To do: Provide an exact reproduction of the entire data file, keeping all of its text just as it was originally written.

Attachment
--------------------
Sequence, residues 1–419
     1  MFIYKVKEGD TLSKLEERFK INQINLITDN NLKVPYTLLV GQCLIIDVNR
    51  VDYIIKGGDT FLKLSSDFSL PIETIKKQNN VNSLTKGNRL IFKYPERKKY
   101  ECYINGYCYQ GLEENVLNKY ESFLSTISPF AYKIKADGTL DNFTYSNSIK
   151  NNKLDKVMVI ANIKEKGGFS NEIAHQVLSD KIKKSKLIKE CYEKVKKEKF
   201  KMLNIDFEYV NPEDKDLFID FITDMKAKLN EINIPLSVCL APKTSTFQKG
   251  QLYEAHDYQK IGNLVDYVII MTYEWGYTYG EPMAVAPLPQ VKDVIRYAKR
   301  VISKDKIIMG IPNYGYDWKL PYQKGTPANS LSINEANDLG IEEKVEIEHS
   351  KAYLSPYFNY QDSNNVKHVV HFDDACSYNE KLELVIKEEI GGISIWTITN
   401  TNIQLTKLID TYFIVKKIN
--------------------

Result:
Sequence, residues 1–419
     1  MFIYKVKEGD TLSKLEERFK INQINLITDN NLKVPYTLLV GQCLIIDVNR
    51  VDYIIKGGDT FLKLSSDFSL PIETIKKQNN VNSLTKGNRL IFKYPERKKY
   101  ECYINGYCYQ GLEENVLNKY ESFLSTISPF AYKIKADGTL DNFTYSNSIK
   151  NNKLDKVMVI ANIKEKGGFS NEIAHQVLSD KIKKSKLIKE CYEKVKKEKF
   201  KMLNIDFEYV NPEDKDLFID FITDMKAKLN EINIPLSVCL APKTSTFQKG
   251  QLYEAHDYQK IGNLVDYVII MTYEWGYTYG EPMAVAPLPQ VKDVIRYAKR
   301  VISKDKIIMG IPNYGYDWKL PYQKGTPANS LSINEANDLG IEEKVEIEHS
   351  KAYLSPYFNY QDSNNVKHVV HFDDACSYNE KLELVIKEEI GGISIWTITN
   401  TNIQLTKLID TYFIVKKIN